These are some long, long, long over due tasting notes of my first saison. As I mentioned in the brewing notes, I feel close to this style due to my heritage, having a small farm, and the open interpretation that is allowed with this style. Saisons are an interesting style. The saison style originates in the farm houses of Wallonia and was made with fresh hops, grains, a variety of adjuncts, and spices varying from farm to farm. It was the beer served to the farm hands and was likely a lower abv and had mixed fermentation. From my understanding the style has only a few strong requirements, high carbonation, very low FG, moderate yeast esters and phenols. The style is way more wide open than the BJCB guidelines suggest. I’ve enjoyed examples hopper, much lighter and darker, as well as much lower and higher ABV. Not to mention versions with brett or other mixed fermentations. Some of the best ones I’ve had have been brett fermented.
The end result is an ok first attempt. Serving it, the carbonation could surely use a bump. However, my system is balanced for 2.3 volumes, so it’s not easy for me to get the right volume of co2 into this beer. It also didn’t seem to dry out enough. I measured an FG of 1.008, but it tasted like it had more body than that. The color was just too ‘brown’, I really love the traditional orange color you see in some saisons, and would lean to straw to red, over over brown. The beer had so much body I dry hopped in the keg ‘dry’ it out.With such an open style, it can be hard to find a direction to follow, and it can result in an unfocused beer. Despite having read Farm house ales I didn’t have a clear idea what I wanted to achieve with the recipe. So I struck up a conversion at a BFD.org meeting with a member who is a regular saison brewer. He shows up with a few of his brett/wild/sour saisons each meeting. We initially planned on brewing and splitting a batch, but he lives on the other side of the state and the logistics didn’t work. However I did decide to use his recipe as a guide to try my hand at my first saison.
Things I’d like to do next time:With that said, a year later, I still have half a keg of this beer. I haven’t given up on it yet, I don’t think the beer is flawed, it’s just not balanced where I want it to be. This beer is destined to be blended with the rye saison I added dregs too. I’m hoping it will add body and complexity to it. Once I determine my blend, I’ll then bottle condition the blended beer to get the carbonation up to 3 volumes. I’ll be slightly tricky to figure out the right amount to priming sugar to do that knowing the beer has mixed microbes, but I’ll be using some heavy duty bottles, so I don’t end up with bottle bombs. Hopefully before summer, this batch will be blended and bottled and I can move on with the next round of Saisons. I’d like to make a table saison with my own hops and local grain, I’ve also had the idea of a blood orange saision, and another mixed fermentation saison with either dregs from my first sour saison, or a select brett strain.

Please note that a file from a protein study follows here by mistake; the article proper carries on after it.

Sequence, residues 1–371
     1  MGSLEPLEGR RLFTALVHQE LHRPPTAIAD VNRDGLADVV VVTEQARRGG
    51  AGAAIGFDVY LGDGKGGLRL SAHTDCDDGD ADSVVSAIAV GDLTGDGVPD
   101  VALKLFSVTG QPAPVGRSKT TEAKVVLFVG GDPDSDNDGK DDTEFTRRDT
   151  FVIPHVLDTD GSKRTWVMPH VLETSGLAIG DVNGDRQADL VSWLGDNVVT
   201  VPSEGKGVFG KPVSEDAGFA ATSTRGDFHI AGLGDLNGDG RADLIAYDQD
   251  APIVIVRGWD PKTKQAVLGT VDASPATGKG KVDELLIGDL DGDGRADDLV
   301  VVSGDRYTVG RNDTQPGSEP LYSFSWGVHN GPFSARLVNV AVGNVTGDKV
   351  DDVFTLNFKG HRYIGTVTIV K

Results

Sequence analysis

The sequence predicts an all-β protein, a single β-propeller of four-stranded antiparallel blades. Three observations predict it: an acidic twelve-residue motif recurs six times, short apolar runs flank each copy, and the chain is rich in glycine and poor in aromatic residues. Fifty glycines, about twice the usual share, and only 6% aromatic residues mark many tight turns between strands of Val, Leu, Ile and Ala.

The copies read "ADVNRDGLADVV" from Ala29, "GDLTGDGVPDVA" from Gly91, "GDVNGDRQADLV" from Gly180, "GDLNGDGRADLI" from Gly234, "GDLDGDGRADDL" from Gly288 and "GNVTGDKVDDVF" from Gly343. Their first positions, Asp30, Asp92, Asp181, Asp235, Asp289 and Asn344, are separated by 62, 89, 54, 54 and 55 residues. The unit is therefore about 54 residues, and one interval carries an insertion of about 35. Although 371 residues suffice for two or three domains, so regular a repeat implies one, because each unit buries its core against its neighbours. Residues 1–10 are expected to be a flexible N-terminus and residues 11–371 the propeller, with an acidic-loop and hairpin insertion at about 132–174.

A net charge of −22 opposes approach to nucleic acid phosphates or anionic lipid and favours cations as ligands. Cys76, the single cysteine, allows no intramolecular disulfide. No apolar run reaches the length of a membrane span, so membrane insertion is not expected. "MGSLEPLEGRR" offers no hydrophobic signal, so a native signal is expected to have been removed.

Use a different yeast strain: I used french saison 3711 this time, mostly because it was less easier to use. I’m having a success controlling fermentation temperature, and I can certainly raise it just fine making small batches and using my water bath. I also now have o2 and can achieve the higher oxygen requirements of some fo the more finicky strains. I also want to go in the direction of lighter and smaller, something like this http://beersmithrecipes.com/viewrecipe/219842/petite-bourgeoisie-saison.